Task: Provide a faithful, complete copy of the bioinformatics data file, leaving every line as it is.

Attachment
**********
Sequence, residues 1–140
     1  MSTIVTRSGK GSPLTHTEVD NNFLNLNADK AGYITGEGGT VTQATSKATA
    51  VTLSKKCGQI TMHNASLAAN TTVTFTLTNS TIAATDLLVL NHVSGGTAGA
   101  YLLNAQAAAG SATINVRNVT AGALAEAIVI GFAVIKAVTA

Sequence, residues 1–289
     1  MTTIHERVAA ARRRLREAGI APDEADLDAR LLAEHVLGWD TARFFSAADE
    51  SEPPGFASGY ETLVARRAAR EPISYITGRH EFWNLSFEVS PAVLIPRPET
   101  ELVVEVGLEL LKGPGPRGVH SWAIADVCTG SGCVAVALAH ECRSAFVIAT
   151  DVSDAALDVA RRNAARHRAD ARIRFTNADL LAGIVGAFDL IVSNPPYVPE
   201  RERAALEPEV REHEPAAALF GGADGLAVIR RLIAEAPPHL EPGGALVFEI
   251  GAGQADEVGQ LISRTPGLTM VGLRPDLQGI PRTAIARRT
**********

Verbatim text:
Sequence, residues 1–140
     1  MSTIVTRSGK GSPLTHTEVD NNFLNLNADK AGYITGEGGT VTQATSKATA
    51  VTLSKKCGQI TMHNASLAAN TTVTFTLTNS TIAATDLLVL NHVSGGTAGA
   101  YLLNAQAAAG SATINVRNVT AGALAEAIVI GFAVIKAVTA

Sequence, residues 1–289
     1  MTTIHERVAA ARRRLREAGI APDEADLDAR LLAEHVLGWD TARFFSAADE
    51  SEPPGFASGY ETLVARRAAR EPISYITGRH EFWNLSFEVS PAVLIPRPET
   101  ELVVEVGLEL LKGPGPRGVH SWAIADVCTG SGCVAVALAH ECRSAFVIAT
   151  DVSDAALDVA RRNAARHRAD ARIRFTNADL LAGIVGAFDL IVSNPPYVPE
   201  RERAALEPEV REHEPAAALF GGADGLAVIR RLIAEAPPHL EPGGALVFEI
   251  GAGQADEVGQ LISRTPGLTM VGLRPDLQGI PRTAIARRT